St. Bartholomew Parish to celebrate patronal feast day

by Claudia Mathis
SUN staff writer

NORWICH —  Plans are underway at St. Bartholomew’s Parish for an eagerly-awaited festival — the celebration of St. Bartholomew’s feast day on Aug. 22-23. St. Bartholomew’s feast day falls on Monday, Aug. 24, but permission was granted from Father Joseph Scardella, director of the diocesan Ministerial Formation & Liturgy and RCIA Office, to hold the celebratory Mass on Sunday, Aug. 23 and to celebrate a portion of the Mass in Italian. “Our Italian community is looking forward to that,” said Gail Annese, co-chair of the feast day committee.

Many of the parishioners’ ancestors were natives of the island of Lipari off the north coast of Sicily. When they first arrived in Norwich, they worshiped in a house that had been converted into a mission-school-chapel in 1919. The facility had also been blessed on St. Bartholomew’s feast day.

Before long, the parishioners began to plan the construction of a new church. The new church, which still stands today, is of Romanesque design and is constructed of blue stone from local quarries. The cornerstone of the new church was laid on Oct. 17, 1926 by Msgr. Daniel Doody. The history of St. Bartholomew’s Church is one of pride and sacrifice and represents the dreams of the parishioners. The new church was called the “little cathedral.”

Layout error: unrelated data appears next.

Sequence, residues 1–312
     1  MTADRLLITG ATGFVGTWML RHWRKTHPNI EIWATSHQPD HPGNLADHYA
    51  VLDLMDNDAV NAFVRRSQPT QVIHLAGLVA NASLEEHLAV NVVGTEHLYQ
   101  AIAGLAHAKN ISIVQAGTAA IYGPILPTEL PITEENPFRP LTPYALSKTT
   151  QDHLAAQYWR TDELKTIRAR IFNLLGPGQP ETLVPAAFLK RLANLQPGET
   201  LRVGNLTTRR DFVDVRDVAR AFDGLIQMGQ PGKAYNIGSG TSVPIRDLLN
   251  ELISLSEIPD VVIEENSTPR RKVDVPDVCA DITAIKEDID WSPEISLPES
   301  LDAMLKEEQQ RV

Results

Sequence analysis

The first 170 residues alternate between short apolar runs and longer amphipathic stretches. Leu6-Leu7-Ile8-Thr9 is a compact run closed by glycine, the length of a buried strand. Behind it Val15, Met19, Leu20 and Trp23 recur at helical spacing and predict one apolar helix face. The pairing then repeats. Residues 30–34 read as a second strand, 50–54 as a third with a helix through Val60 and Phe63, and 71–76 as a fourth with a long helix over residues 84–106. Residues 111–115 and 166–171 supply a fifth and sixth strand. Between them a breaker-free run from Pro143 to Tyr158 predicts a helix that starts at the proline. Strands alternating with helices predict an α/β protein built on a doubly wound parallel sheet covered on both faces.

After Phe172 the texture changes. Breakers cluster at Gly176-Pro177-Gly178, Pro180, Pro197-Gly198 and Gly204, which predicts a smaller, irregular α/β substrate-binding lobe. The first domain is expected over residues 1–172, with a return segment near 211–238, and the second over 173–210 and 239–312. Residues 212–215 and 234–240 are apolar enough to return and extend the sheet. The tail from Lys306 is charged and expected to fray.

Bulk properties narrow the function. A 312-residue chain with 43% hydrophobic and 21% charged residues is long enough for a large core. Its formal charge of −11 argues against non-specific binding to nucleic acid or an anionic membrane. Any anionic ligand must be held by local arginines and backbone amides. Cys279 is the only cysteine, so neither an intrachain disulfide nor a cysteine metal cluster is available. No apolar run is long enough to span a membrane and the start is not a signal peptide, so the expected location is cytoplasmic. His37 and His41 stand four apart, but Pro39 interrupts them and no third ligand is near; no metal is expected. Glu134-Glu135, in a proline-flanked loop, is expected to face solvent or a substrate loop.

JoAnn Testani, church historian and co-chair of the St. Bartholomew’s feast day celebration, said the occasion was instituted in 1927 by Father Walter Sinnott. It was held at the church and church hall for 27 years before moving to the Chenango County Fairgrounds in 1954. In 1978, the celebration moved back to the church and the Msgr. Festa Parish Center, where it has been held ever since.

Father Ralph Bove, who was recently installed as pastor at St. Bartholomew’s, will be experiencing the celebration for the first time on Aug. 23.

At a recent gathering of the the planning committee, several parishioners discussed why they think it’s important to continue the tradition of celebrating St. Bartholomew’s feast day. “The people feel that St. Bart has blessed this valley,” said Geraldine Cusumano.

“I feel the celebration should be carried on forever so that our children and grandchildren know where they came from,” said Testani. “My roots are deep. My grandparents helped build the church.” Theresa Biviano, advertising chairman, agreed and added, “My father and my mother’s brothers helped build the church.”

“It’s about getting together with family and friends,” said Annese. “People come from as far away as Rochester and Binghamton. JoAnn’s family travels from Rochester to attend.”

The celebration will begin on Saturday at 11 a.m. and end at 9 p.m. at the Msgr. Festa Parish Center Pavilion. Live music and family entertainment which includes face painting, balloons and a “Bounce House” will be offered free of charge. Also featured is the demonstration of a calliope by a representative from the Classic Car Museum, entertainment by the Donna Frech Dance Studio and a fashion show by McLaughlin Department Store. Other activities include a book sale, cake booth, kid’s booth, penny pitch, 50/50, dinner basket raffle and treasure chest.